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How Often Do Couples Really Have Sex?



What’s a healthy amount of s*x to have in your relationship?

It’s 7:58 p.m. on a Friday night, almost prime time, and you’re surfing through television channels to find a good show to watch. You pick a show and it abruptly opens to the aftermath of a one night stand. Two strangers wake up, late to work, scrambling to get dressed amidst the empty beer bottles, cigarette butts, and scattered clothing from the night before. Scenery like this is strategically plastered all over television, magazines, ., and the Internet to constantly keep our minds fixated on s*x and to desensitize us to the cheap over-sexualization of modern day society.

You start to wonder, “How often do people really have s*x?”

There’s no right or wrong answer to this question, and the media may skew our views as to what a “healthy” amount of s*x is. Many factors affect how often people have s*x, including their age, health, stress, mood, and s*xual desires. A healthy s*x life can strengthen your bond with your partner and help keep your relationship healthy. s*x also provides numerous health benefits, such as boosting your mood, strengthening your immune system, lowering your blood pressure, reducing pain, and helping fight heart disease. That being said, only you and your partner can decide how much s*x is right for both of you.

Studies show that regularly having s*x is a more important factor in keeping a happy relationship than money. Most couples typically have s*x once a week. This helps keep an intimate connection and gives the feeling of having an active s*x life, but it still allows time for anticipation and spontaneity, as s*x feels more like a special experience than a daily routine.

Having s*x more than once a week typically makes couples feel just as happy as if they had s*x only once a week.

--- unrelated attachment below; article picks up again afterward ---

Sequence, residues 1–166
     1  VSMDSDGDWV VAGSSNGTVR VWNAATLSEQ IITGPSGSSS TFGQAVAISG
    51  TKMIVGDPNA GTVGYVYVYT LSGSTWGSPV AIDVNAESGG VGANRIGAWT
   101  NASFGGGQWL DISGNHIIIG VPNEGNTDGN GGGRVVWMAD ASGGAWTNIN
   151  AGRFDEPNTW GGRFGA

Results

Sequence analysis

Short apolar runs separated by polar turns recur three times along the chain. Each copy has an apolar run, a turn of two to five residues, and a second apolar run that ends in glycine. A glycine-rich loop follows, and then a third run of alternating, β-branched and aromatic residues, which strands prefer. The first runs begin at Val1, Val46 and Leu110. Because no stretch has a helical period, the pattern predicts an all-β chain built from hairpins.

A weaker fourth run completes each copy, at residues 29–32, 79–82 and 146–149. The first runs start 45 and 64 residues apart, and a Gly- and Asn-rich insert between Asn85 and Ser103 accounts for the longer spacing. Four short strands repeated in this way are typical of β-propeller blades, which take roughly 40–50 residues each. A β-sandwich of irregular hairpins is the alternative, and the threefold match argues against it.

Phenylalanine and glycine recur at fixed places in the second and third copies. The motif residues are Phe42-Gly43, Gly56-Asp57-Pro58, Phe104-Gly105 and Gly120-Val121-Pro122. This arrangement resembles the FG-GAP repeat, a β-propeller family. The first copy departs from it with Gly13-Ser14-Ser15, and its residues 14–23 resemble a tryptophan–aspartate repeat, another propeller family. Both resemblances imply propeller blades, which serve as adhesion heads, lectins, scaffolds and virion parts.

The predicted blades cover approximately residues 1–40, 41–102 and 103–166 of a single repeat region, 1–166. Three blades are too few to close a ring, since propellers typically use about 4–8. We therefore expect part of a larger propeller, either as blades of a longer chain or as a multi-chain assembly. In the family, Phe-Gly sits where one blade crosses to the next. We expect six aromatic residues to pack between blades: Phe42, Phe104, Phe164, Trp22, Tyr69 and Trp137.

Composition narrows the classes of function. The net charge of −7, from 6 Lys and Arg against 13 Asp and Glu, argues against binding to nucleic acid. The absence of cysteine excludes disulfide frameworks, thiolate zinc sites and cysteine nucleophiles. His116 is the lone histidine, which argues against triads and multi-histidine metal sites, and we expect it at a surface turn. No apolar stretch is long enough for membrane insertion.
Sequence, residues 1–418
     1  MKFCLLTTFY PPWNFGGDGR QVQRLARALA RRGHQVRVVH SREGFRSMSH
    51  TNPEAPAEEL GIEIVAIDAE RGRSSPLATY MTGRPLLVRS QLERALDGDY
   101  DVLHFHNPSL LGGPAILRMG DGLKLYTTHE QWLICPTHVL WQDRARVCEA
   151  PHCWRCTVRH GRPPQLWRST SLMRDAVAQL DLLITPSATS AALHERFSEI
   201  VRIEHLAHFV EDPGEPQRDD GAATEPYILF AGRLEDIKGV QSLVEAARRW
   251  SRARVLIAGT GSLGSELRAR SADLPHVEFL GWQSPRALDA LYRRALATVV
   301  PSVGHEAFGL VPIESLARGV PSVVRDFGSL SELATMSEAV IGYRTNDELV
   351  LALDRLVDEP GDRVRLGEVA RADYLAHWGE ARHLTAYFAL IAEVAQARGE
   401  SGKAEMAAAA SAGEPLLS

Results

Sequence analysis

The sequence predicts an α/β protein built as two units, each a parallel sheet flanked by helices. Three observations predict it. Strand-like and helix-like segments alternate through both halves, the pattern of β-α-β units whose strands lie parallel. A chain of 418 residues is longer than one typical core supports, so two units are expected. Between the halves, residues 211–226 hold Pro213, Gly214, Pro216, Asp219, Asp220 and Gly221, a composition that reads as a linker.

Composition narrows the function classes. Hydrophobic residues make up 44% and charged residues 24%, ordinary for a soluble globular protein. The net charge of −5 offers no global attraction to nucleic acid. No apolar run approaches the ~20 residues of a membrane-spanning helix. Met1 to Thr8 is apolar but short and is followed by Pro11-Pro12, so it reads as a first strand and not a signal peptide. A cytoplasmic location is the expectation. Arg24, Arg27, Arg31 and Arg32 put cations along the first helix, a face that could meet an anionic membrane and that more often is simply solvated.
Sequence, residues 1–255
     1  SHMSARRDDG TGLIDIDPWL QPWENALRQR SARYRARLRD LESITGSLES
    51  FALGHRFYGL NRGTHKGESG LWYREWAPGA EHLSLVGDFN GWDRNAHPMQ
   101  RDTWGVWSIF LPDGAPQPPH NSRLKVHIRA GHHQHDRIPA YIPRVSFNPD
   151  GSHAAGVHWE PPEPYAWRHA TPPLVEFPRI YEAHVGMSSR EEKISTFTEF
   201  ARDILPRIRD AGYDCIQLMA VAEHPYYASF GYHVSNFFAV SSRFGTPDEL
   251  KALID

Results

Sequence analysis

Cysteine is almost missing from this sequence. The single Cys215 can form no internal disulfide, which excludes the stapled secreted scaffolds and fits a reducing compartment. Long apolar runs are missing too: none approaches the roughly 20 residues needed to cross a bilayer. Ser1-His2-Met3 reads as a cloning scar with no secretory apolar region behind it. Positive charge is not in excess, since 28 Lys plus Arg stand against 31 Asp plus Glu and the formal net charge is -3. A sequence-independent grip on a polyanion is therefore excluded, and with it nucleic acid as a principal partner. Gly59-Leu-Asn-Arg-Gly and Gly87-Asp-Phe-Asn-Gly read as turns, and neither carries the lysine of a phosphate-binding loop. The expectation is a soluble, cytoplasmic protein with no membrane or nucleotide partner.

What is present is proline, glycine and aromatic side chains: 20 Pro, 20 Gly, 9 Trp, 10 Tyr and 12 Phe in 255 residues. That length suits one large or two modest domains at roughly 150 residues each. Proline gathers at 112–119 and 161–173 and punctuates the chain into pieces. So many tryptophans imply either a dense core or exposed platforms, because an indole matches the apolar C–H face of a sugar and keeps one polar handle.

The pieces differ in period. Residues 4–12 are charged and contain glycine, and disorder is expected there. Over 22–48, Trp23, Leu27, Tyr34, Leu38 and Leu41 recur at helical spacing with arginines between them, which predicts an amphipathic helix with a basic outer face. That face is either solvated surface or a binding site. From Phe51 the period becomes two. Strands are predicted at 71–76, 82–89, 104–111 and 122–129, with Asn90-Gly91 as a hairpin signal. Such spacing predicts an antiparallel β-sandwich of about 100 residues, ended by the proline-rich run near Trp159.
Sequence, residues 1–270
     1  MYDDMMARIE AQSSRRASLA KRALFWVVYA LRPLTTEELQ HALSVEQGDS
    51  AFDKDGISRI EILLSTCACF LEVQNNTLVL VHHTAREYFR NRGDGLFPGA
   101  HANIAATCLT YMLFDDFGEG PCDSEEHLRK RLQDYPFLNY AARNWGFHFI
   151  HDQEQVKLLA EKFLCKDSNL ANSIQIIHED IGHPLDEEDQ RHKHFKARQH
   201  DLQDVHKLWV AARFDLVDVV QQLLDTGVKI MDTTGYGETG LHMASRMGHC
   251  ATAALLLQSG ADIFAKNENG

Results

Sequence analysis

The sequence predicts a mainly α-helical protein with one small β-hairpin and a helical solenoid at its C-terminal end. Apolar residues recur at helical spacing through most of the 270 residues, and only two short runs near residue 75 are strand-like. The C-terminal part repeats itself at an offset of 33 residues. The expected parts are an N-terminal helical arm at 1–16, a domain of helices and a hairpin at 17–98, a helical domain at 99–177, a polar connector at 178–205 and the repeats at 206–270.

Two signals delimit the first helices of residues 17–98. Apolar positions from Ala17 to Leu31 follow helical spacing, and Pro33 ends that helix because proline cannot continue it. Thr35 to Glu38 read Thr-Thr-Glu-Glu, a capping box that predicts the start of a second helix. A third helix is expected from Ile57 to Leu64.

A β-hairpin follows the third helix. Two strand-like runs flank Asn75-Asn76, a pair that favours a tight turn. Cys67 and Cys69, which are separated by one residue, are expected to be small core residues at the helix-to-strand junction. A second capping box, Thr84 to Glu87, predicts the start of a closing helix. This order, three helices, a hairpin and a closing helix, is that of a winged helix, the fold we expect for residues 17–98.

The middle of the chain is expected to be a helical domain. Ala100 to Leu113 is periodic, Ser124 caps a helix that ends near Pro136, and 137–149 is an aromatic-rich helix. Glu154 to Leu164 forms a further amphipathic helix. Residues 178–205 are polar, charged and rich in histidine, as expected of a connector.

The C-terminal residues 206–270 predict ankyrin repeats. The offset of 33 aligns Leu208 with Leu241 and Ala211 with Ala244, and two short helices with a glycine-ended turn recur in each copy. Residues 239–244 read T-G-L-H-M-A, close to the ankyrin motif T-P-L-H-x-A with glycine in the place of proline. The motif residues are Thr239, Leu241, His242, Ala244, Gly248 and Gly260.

The happiest couples and most stable relationships have s*x approximately as often as they want to have s*x. Most men and women feel that a satisfying s*x life improves their overall quality of life, but it doesn’t . a crucial role in their happiness.

Over 90 percent of men agree that happiness is derived from having a good relationship with your partner, not s*x. About half of men and women feel that even though s*x gives them pleasure, it’s not a necessary part of a good relationship.

A little over half of men and women in relationships are content with how often they have s*x with their partners. The other half of men are dissatisfied with the amount of s*x they’re having usually because they want more s*x. About two-thirds of unsatisfied women are in the same boat. Since men tend to think about s*x and feel s*xual desire more than women do, men are about eight times more likely to self-stimulate.

Age and health also . a crucial role in determining your s*x drive. As the years go ., s*xual problems can develop erectile dysfunction, a loss of interest in s*x, anxiety about performance, and trouble climaxing. As health problems begin to manifest over the years, s*x gets put on the back burner. self service is common as 63 percent of men age 50 and older do it. About 40 percent of men in this age group have a s*xual arrangement with someone other than their spouse or long-term partner. self service or infidelity can become an alternative to s*x, especially if difficulty or discomfort exists with intercourse in the relationship.

It’s very possible to have s*x well into your 80s, as almost 40 percent of men between the ages of 75 and 85 have s*x with a partner, especially thanks to a variety of erectile dysfunction drugs readily available to lend a helping hand.

However, the quality of the s*x you’re having is much more important than the quantity. Men’s happiness tends to come more from physical aspects of s*x, while women’s happiness comes more from the emotional aspects. The most important thing in your relationship is to talk to each other about your s*xual desires and keep the lines of communication open. If you want to have s*x more frequently or spice things up between the sheets, let your partner know.

Communication, not s*x, is the lifeline that your relationship needs to survive

.: Verywell

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